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Encyclopedia of Psychology Alan E. Kazdin, PhD, Editor-in-Chief

ATTACHMENT.

Bowlby, a psychoanalyst who was much impressed by ethological theories explaining the emotional communication between nonhuman infants and their parents, believed that infants had an innate capacity to emit signals to which adults were biologically predisposed to respond. He began with the assumption that, during the early phases of human evolution, survival depended on the infants’ ability to maintain proximity to protective adults.

Infants come to focus their bids for attention on a small number of familiar individuals, and the process of attachment formation involves four developmental phases: indiscriminate social responsiveness (first and second months): discriminating sociability (2 to 7 months): maintenance of proximity to a discriminated figure (month seven through the second year): and goal-corrected partnerships (year 3 on).

Smiling is another signal that powerfully affects adult behavior: it enters the baby’s repertoire in the second month of life. Smiles encourage adults to stay near the baby in order to prolong rewarding interactions. whereas cries encourage adults to approach in order to terminate signals that they find aversive.

For example, young infants appear able to distinguish and prefer their own mother’s voice and smell from those of other mothers within the first two weeks of life (Porter, Bologh, & Makin, 1988).

First, they learn the rule of reciprocity-during social interactions, partners take turns acting and reacting. Second, babies learn that they can affect the behavior of others in a consistent and predictable fashion. Third, babies learn trust, because their parents can be counted on to respond when signaled.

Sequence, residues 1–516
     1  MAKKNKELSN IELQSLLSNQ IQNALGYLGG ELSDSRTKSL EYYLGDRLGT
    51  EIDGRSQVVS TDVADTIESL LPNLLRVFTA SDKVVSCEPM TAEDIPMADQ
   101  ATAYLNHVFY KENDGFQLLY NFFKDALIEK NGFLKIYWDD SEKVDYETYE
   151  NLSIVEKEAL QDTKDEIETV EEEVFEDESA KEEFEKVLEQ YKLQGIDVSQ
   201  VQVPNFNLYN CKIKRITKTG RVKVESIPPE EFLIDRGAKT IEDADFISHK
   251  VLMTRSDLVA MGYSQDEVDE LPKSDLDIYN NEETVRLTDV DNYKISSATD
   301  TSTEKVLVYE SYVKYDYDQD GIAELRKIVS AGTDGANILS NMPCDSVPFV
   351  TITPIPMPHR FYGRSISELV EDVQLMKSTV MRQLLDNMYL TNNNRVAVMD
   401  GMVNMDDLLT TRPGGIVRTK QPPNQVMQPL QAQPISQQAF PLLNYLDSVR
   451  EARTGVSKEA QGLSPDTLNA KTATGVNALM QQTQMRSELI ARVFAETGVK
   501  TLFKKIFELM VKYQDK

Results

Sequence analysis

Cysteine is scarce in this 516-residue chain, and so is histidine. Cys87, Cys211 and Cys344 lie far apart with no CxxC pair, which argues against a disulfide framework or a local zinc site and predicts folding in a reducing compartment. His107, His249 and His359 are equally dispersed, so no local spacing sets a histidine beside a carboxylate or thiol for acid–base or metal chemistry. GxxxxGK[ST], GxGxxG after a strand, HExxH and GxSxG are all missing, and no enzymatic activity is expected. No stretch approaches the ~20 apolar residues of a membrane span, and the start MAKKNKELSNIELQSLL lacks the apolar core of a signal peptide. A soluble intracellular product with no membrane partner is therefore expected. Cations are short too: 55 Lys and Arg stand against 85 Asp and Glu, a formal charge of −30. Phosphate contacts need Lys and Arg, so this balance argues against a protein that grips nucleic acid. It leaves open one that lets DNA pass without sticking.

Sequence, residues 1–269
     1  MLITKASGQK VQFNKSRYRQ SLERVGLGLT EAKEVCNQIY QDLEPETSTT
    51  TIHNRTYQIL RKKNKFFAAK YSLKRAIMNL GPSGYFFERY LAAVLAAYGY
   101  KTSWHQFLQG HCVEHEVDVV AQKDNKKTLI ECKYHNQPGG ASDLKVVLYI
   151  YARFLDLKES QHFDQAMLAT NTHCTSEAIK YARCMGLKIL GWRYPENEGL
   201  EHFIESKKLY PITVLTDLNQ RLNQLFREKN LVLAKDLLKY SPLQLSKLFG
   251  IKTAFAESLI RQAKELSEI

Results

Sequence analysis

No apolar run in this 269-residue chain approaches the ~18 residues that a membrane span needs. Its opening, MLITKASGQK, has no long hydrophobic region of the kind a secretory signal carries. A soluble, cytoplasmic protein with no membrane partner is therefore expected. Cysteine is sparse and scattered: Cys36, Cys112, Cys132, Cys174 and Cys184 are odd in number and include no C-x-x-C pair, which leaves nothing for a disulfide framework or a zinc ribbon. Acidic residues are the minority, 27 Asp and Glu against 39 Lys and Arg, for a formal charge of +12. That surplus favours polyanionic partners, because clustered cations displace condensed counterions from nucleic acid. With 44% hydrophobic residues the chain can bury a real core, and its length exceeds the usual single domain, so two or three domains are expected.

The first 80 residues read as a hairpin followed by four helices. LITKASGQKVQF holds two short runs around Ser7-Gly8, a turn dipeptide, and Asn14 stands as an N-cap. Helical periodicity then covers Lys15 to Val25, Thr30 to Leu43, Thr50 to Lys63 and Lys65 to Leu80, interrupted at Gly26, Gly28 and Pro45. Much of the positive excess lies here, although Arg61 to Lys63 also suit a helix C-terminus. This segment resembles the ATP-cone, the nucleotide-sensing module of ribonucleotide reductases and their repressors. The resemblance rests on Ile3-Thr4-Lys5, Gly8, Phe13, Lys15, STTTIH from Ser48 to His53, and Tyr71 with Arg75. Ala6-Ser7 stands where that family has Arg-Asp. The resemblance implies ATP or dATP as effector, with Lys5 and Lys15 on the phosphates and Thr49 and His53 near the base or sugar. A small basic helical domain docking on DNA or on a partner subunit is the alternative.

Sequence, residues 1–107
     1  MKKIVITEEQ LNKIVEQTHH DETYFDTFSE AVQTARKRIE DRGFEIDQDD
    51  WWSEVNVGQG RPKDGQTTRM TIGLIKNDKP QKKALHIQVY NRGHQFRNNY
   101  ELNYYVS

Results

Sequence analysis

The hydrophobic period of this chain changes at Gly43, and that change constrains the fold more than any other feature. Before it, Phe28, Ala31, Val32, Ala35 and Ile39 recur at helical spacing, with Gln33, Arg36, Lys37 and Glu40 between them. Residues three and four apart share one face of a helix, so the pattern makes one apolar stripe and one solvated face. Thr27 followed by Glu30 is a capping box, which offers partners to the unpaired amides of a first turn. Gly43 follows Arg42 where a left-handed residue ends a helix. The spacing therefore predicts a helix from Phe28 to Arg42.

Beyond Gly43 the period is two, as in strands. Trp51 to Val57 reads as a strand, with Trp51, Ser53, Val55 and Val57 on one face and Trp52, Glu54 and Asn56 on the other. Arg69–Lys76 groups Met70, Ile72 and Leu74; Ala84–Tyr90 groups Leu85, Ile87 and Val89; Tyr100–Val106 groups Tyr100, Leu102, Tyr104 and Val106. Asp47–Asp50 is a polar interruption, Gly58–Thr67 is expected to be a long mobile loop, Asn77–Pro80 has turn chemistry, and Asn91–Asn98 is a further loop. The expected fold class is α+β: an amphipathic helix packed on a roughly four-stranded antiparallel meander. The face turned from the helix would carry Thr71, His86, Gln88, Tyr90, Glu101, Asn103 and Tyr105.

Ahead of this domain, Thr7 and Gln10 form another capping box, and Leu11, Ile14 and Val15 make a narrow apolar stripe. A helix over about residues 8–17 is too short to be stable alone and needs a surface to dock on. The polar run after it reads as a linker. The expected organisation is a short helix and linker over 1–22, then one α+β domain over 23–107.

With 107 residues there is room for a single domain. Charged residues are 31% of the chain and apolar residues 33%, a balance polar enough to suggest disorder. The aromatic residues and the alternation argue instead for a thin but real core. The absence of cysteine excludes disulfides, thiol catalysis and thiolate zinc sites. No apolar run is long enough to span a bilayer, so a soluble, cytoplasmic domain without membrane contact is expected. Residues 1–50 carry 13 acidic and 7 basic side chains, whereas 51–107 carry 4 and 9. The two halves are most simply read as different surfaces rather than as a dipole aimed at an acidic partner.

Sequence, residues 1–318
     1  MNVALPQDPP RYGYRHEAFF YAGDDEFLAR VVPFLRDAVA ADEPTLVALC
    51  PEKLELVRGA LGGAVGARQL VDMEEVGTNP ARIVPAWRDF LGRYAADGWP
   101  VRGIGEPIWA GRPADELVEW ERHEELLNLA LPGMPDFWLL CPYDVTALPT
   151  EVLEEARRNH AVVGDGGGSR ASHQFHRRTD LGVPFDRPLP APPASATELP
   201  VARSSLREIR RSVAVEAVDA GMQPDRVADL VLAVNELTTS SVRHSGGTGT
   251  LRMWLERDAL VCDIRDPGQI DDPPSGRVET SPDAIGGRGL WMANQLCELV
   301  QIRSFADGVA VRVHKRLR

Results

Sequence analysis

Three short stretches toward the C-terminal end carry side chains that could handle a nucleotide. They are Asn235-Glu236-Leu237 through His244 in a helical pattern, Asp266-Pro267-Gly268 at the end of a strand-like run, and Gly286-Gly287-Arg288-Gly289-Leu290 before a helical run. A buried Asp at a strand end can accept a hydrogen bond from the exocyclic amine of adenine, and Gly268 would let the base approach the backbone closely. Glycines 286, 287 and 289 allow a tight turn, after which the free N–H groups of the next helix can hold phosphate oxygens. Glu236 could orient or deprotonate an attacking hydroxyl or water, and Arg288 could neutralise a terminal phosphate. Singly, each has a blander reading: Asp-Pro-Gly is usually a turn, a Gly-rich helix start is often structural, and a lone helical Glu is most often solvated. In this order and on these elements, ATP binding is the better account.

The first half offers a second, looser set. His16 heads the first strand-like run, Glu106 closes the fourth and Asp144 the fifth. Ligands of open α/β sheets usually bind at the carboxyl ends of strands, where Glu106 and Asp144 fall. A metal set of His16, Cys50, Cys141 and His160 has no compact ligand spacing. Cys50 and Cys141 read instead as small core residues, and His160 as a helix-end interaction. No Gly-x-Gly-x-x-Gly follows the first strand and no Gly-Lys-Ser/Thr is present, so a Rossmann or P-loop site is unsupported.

Young children implicitly assume that others perceive the social world the same way that they do. One implication is that children under about 7 years of age may be limited in the ability to empathize and take the perspectives of others.

Main and her colleagues (George, Kaplan, & Main, 1985) have also developed the adult attachment interview (AAI) to assess adults’ ability to integrate early memories of their relationships with parents into overarching working models of relationships. According to Main, these working models fall into one of three categories, with adults classified as autonomous (free to evaluate their early attachment relationships), dismissive of their attachment relationships, or preoccupied with their attachment relationships. Autonomous adults appear more sensitively responsive to their infants than are adults in the dismissive and preoccupied groups, and their children are more likely to be securely attached.


Tags: encyclopedia of psychology
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